I then went to work with the hot foam knife to free the small hexes from the large foam hexes. This gave me two hexagonal donuts, if you will.
I roughed up the outer edge of the donut I was going to use as the bottom layer of terrain with the hot knife. I tried to keep as much of the donut intact as I could but still make it look semi-natural and random. You could also just break the foam, like I did in the photo above, and get a more rocky look.
The upper layer I cut into with a vengeance! In most places it was only about 1.0” wide. This was OK because all it’s there to do is provide a bit more height to the sandbag bunker. Sandbags are cool and all but I don’t want to have to make hundreds of them by hand!
The next step was to glue the donuts to the base material and each other, stacking them to make what could be described as a hexagonal crater. At this point I ran into a problem: I didn’t want a squared-off base plate, I wanted a natural looking one. So, I cut the base material a couple of inches wider than the foam and not very neatly. This bit of terrain is a lot larger than I wanted, but as long as everything outside of the bunker is "open terrain," I don't think it will be a problem.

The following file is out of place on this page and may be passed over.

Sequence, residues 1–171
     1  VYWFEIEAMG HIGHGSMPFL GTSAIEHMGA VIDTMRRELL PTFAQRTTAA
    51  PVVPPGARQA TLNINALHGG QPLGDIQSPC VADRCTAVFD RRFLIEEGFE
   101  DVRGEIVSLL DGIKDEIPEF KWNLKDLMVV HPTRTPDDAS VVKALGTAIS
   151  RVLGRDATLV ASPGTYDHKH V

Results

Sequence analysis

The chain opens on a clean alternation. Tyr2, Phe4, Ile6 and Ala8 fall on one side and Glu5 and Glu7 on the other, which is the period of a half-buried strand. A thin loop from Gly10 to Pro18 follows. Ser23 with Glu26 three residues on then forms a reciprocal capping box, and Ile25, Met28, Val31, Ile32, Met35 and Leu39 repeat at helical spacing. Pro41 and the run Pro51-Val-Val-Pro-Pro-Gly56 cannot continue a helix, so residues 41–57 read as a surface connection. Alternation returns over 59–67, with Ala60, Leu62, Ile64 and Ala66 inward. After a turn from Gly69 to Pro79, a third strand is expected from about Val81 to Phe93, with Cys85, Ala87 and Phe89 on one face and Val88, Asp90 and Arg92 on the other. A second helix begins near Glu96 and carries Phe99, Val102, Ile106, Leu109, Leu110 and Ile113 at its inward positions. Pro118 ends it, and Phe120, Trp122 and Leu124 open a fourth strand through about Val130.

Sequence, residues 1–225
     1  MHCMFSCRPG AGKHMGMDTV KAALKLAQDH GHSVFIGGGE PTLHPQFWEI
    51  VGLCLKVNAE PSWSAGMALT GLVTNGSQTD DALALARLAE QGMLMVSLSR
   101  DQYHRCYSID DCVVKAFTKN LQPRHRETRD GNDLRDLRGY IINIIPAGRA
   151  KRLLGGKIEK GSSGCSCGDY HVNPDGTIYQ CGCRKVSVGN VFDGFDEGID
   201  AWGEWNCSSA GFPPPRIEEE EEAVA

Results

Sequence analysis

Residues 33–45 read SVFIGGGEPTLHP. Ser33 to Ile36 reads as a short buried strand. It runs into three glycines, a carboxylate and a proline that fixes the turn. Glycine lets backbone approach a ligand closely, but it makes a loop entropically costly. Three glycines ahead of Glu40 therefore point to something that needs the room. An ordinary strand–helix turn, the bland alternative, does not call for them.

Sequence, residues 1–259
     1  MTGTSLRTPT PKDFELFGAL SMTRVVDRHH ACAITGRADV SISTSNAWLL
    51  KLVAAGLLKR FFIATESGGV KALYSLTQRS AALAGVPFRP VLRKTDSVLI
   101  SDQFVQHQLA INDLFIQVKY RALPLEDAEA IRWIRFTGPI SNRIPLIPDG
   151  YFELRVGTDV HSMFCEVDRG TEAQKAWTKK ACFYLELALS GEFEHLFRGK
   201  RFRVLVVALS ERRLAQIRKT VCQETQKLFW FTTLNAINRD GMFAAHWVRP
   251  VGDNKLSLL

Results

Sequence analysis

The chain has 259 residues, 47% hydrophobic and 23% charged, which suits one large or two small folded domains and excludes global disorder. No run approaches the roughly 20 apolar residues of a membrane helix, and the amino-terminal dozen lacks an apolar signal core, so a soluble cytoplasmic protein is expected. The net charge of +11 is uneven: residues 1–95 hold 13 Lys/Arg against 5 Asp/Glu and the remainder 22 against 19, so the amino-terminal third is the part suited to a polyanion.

Once that was done I glued them all together and put a heavy book on them, i.e. the 6th ed rulebook, and let that assembly cure overnight. When it's all dry it's time for the textured paint.
I use Shur-stick Perma Patch 102. I like it because the texture bits are little pieces of rubber (I think) and not sand. Plus, it seems to clean out of the brushes pretty easily.
I imagined that the bunker base would look pretty plain once I started slathering on the textured patch. I could cure that with some wooden retaining walls and floor planking. I made these from your standard popsicle sticks and a couple of Starbucks stir sticks, which are wooden, thin, and fairly long. A nice contrasting piece so all the wood isn’t uniform in shape.
Just measure out what your maximum wall/floor size will be and then start gluing them together with PVA based on that info. I cut my pieces using a pair of flat-cut wire cutters. Sometimes I just cut them and other times I score them with the cutters and then break them with my fingers. I tried to make them as different as possible by varying the angle, length, and number of layers the planks have. It needed to look cobbled together.
It’s easy to add detail to these by poking nail holes into them with a sharp implement.
Once the walkways and retaining walls were complete I just slathered on the textured patch. Do not be shy!
I put the walls in by sticking the bottom edge in the corner and tilting them up into place. This helped squeeze the patch through the openings and give it an oozing mud look.
Once the walls are up, I put the walkways in by butting them up against the walls and pressing down. This oozed the mud up through the planks.
Seeing as the patch needs to dry for 24 hours this seems like a good place to end Part 1. In Part two I’ll cover how I made my sandbags as well as how I made a Plasma crater inside the bunker.